David and Lucinda Basset, long-ago clients, have made millions by asking that question. It has broader appeal than you might think, because, it turns out, just about everybody is anxious and nervous and on edge about all sorts of things.
The media makes part of its living by hyping various “terrors” in order to keep us tuning in to the news programs – consider: Y2K; anthrax; bird flu; how terrorists could poison our water supply; etc. John Stoessel just did a 20/20 program on ABC about everything people are worrying about in sizeable numbers – in almost every case, hazards grossly magnified by their own negative imaginations.
It was particularly interesting to see the unintended consequences – for example, that forcing by law the wearing of bicycle safety helmets by cyclists had increased the number of injuries and deaths rather than decreased them. (Emboldened cyclists rode more recklessly; motorists can be observed driving less cautiously around helmeted cyclists than unhelmeted cyclists. One of my hobbies is cataloging unintended consequences.)
As small business marketers, it’s important for us to remember that, while we may be confident, self-reliant, most others are not. Inside everybody, Woody Allen. They are walking around in a constant state of high anxiety.
Or at least low dose anxiety. And their ability to respond to us, send us money, make and keep appointments to come in and see us, buy from us, etc. rests on a continuum of “anxiety” vs. “confidence”; are they comfortable or not?
In other words, the more anxiety you can remove from your customers’ experiences with you, the more attracted to you they will be.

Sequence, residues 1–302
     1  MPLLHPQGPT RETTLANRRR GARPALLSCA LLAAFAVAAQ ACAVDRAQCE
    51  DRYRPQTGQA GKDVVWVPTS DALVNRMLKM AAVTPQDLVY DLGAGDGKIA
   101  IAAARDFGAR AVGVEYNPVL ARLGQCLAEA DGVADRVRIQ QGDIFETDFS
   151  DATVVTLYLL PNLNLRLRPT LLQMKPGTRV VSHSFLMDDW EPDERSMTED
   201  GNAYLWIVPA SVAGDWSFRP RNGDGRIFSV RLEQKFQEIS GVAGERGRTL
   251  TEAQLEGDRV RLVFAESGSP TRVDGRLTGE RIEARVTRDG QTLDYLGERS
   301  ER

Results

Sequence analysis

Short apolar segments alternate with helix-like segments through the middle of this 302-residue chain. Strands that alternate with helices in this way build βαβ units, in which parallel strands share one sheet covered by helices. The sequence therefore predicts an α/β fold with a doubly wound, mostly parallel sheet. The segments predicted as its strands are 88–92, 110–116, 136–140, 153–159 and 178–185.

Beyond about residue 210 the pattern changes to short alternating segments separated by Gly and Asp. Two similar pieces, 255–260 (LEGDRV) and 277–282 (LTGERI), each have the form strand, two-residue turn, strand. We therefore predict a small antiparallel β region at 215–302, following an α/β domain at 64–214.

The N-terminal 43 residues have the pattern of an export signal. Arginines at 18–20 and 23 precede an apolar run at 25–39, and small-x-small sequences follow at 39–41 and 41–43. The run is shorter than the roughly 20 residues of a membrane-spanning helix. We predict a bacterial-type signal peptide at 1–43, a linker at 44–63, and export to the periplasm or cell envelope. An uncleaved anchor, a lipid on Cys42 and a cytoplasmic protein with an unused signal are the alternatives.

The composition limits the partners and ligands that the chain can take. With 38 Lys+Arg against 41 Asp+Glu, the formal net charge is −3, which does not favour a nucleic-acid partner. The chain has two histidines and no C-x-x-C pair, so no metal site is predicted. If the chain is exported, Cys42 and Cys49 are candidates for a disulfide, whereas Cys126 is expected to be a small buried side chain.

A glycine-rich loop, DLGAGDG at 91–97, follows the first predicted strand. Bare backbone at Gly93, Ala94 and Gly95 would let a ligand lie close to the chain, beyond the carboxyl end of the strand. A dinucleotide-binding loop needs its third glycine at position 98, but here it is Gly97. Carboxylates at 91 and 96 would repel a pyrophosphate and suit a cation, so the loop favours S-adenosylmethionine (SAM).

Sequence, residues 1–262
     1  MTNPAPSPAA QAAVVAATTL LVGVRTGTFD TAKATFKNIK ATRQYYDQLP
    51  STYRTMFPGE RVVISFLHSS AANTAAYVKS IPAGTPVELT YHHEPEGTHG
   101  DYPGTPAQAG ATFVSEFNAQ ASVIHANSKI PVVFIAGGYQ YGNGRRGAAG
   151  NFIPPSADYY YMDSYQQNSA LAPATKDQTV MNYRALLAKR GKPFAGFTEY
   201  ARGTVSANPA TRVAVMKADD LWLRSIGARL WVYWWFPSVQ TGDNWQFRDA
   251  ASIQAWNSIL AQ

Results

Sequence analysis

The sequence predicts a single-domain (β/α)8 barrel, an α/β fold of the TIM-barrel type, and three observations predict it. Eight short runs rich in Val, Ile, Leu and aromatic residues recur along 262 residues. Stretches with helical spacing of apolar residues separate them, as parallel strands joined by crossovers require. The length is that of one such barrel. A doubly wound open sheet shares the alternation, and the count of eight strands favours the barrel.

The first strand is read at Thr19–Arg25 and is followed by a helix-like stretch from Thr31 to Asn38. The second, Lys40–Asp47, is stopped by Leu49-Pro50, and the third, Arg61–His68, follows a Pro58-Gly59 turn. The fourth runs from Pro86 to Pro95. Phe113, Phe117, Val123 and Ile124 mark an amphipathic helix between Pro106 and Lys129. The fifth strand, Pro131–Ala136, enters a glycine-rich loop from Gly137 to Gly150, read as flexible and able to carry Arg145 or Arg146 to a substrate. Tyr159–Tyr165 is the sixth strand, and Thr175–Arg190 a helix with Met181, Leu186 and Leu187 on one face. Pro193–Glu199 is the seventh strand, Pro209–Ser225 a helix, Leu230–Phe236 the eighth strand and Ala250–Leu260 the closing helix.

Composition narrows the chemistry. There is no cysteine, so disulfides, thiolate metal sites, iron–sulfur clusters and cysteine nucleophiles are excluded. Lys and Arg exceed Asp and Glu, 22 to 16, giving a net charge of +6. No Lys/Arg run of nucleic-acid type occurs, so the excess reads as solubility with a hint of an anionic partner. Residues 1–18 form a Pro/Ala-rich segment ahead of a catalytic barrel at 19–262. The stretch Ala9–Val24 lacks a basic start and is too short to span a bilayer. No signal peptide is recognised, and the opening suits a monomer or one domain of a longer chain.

Many Vegas hotels have no Floor #13, because staying on that floor, staying in a #13 room, carrying a key with a #13 on it causes anxiety in gamblers. They may not want to admit it. They may not ask to be moved to a different room for fear of sounding foolish. But they may gamble less or make a point of staying somewhere else next time in town.
Years ago, I determined the number one reason that prospective patients made but failed to show up for appointments at chiropractors’ offices was anxiety over the uncertainty of what to expect, so I invented a block of copy titled “Your X# Of Questions Will Be Answered During Your First Visit”, and in some doctors literature added an illustrated presentation of what would happen step-by-step, with photos and captions.
One good thing to remember is that people HATE not knowing where they are going (maps!) or what to expect or how they are supposed to behave or dress. They HATE looking foolish. They HATE feeling confused.